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This post is a draft, and currently being written in public. This block of text will be removed when it is finished.

There is no place else in the world where I feel inordinate amounts of paranoia than in my childhood bedroom. I grew up quietly then edgily while always being annoying––the you don’t understand me and browsing DeviantArt then /b/ far too young kind––with little trust to place in the world. Our house, in an unsafe neighborhood in residential Las Piñas, had been broken into several times in our youth. One night, while on my laptop, I had been ushered with my sister by our shaking helper to get into the car so we could drive out and call for help because someone was currently in the house. (Emergency lines and police phones often do not work. There was no functioning 911 call system then.) Another night, we watched in silence as someone brandished with a weapon walked over our sleeping bodies to take bags of stuff and leave; reporting the incident only when we knew they were gone. (The family sleeps in the same room to conserve electricity, most of us on the floor.) Aside from break-ins, I had known that nothing physical I own would be forever. With the amount of people moving in and out, I would notice little things like clothing, toys, trinkets, disappearing.

As a child, these conditions invariably fucked with my head often. Think the weird, gut sinking feeling you have at night when you remember a shirt you haven’t seen in a while but magnified for every little thing you own. If I was allowed to access the toys I had (usually barred in layers of clear packaging tape, to be taken away months after) at all, they would soon be gone. When I saved up enough money to buy crappy one-dollar shirts at the mall’s tiny bazaars, they would be taken, too. I’d open my drawers, piling things on the floor until my fingernails clogged with dust and woodchips, teary-eyed, looking for any item that would be in my possession for longer than a few weeks. My first iPhone’s camera roll mostly consisted of iFunny screenshots and photos of anything I owned, taken in several angles. About three times did that help me find something I lost misplaced in the laundry or elsewhere, or suddenly “found” in my stack of things. I knew how to take everything in my room apart and put it back again. I never could do this with individual possessions, too unfamiliar and distant to learn how to detach.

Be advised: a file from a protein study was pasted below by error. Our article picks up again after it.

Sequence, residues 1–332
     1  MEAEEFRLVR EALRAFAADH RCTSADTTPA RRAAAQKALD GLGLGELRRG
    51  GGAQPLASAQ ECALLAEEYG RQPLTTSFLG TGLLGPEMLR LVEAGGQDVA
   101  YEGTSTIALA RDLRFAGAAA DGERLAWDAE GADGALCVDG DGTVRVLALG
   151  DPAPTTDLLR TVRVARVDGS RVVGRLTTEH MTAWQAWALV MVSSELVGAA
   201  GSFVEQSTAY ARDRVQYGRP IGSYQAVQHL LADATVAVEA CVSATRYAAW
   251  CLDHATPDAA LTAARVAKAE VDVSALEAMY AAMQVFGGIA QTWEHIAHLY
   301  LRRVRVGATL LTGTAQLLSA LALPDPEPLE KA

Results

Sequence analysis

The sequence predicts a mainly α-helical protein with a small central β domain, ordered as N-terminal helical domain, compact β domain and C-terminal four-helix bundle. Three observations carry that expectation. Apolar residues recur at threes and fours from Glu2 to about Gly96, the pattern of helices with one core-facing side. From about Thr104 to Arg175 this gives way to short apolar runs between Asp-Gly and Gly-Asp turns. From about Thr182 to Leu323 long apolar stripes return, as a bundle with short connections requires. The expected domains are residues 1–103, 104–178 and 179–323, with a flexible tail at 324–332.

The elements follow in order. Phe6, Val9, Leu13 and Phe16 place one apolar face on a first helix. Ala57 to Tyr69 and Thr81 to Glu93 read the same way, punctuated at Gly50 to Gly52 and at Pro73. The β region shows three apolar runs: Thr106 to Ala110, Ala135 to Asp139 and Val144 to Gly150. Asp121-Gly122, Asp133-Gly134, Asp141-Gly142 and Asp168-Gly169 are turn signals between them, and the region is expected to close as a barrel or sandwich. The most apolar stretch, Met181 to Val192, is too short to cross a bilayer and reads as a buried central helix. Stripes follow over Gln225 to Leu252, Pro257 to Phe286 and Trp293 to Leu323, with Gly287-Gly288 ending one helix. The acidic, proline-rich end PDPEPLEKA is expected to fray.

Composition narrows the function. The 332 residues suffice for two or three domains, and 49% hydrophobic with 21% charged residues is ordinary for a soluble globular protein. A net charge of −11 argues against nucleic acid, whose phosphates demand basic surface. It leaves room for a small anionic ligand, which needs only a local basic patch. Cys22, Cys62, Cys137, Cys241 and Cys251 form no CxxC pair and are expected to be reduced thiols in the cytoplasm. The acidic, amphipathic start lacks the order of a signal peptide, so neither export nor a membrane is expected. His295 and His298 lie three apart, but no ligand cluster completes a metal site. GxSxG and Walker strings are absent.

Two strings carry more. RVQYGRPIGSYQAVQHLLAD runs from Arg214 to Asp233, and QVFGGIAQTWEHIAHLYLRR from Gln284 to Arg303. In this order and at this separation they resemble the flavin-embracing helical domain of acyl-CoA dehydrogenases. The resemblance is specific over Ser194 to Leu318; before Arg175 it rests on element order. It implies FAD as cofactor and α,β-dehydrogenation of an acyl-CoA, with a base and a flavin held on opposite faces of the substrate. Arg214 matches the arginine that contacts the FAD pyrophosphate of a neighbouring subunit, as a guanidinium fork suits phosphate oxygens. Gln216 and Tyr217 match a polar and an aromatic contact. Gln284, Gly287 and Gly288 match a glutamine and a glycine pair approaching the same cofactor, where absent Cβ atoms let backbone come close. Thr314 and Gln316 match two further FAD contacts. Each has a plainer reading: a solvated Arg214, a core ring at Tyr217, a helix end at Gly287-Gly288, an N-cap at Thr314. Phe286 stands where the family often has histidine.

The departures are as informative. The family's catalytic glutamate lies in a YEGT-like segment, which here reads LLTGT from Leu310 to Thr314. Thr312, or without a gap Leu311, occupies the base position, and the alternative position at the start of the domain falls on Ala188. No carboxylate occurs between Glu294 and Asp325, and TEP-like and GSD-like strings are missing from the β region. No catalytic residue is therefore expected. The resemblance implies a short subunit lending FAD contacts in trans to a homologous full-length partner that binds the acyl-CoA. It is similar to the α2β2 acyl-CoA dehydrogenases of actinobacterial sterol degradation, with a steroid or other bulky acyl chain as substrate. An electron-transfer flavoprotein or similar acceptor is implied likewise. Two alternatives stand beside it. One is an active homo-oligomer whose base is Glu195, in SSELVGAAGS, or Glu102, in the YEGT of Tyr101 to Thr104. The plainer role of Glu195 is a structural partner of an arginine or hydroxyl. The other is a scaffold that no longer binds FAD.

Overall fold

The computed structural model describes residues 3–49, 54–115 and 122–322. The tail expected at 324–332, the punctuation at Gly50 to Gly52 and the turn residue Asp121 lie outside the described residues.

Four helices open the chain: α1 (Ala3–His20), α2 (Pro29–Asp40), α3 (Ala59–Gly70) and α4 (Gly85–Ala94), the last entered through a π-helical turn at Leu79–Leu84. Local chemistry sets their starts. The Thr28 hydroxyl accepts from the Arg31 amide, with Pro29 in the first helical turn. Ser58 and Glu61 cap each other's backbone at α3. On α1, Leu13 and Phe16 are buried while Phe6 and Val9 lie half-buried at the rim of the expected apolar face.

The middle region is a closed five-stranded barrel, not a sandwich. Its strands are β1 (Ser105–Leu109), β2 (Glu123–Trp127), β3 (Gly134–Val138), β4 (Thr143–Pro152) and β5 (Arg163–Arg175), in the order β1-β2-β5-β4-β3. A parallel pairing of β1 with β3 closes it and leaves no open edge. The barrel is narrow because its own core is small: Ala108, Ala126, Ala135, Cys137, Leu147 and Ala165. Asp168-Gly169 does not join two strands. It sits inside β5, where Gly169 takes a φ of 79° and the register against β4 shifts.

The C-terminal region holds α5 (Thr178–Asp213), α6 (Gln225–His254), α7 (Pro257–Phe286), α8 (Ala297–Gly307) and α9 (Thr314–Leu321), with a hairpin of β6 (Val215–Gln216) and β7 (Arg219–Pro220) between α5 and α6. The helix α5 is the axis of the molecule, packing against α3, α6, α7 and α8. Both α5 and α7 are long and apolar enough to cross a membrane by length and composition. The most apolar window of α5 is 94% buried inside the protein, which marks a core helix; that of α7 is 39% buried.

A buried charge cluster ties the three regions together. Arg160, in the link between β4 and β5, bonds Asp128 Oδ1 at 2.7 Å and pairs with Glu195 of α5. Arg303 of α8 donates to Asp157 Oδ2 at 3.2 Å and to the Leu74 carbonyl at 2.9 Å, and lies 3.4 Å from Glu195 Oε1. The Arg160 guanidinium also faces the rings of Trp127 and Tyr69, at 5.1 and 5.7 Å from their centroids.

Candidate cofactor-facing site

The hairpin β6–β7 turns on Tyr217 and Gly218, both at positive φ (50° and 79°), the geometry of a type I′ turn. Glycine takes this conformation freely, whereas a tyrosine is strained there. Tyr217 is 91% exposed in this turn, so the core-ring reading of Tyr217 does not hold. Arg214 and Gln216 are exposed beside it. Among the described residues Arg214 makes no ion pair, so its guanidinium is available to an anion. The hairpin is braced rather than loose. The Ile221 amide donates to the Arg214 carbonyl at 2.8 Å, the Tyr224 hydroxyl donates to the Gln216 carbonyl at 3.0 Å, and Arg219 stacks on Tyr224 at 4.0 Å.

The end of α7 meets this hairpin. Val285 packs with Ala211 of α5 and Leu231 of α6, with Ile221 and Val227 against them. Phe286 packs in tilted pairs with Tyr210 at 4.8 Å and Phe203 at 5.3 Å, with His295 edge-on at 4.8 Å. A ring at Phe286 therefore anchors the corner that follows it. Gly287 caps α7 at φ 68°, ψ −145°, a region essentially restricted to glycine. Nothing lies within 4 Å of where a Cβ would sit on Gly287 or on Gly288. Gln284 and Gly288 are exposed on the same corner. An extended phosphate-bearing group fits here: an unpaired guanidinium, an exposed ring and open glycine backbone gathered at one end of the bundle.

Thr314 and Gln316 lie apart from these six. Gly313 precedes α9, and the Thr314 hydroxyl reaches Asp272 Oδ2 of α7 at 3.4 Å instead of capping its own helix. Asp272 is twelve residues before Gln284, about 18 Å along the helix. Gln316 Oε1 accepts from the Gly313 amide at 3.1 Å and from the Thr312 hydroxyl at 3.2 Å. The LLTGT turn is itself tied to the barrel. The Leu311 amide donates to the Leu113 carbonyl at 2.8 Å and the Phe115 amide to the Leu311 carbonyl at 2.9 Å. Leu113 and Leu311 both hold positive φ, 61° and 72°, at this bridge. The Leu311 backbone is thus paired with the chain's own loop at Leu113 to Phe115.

While packing for America, I realized that my possessions mostly consisted of ill-fitting shoes and shirts from over a decade ago, aching for the presence of any constant object. I owned two functioning pairs of footwear that were truly my own, and brought those with me to my dorm room.

When campuses shut down in early 2020, I began clinging to the little material things that I gathered over my two years at school. Pens and mugs from random visiting companies recruiting on diversity events, leftover flyers from overpriced campus printing, vinyls amassed and catalogued carefully on Discogs from trips to record stores in every city I would visit, YesStyle haul boxes and their $12 shirts that would consist of most of my wardrobe––a mild upgrade from my high school one. And then, I condensed everything again from a life I had lived anew and left boxes of belongings somewhere behind. As the virus worsened, my roommates sent messages and proxies to pick up their things, one-by-one emptying our suite. The solitary spring break I had stretched out, stilling, paralyzing.

In April, I would take masks from the laundry room and go out to buy groceries––milk, crackers, cup noodles––and walk back to my dorm. New Haven was now largely free of undergraduates, dispersed across America and the larger world, yet it had never been so alive.

As the summer arrived, I took job interviews in a disheveled room, take two daily showers on walks across bleach-scented bathroom floors, take the stairs up to the top dorm room floor in the decades-old dorm for the first time. I think one other person was in the entire building. I saw no other Yale students for the next few months.

Most of the time, people presume my biggest contention is where to live. The story of the Filipino international always comes with an expectation to lift your family with you to American soil and a shiny new workplace that pays tenfold your parents’ work, and live anew. You become the new generation of salvation, a person to emulate for the ages.

My tiny dreams today mostly have me wondering about when I will find a room of my own. It is the most prominent and distant dream I hold with me.

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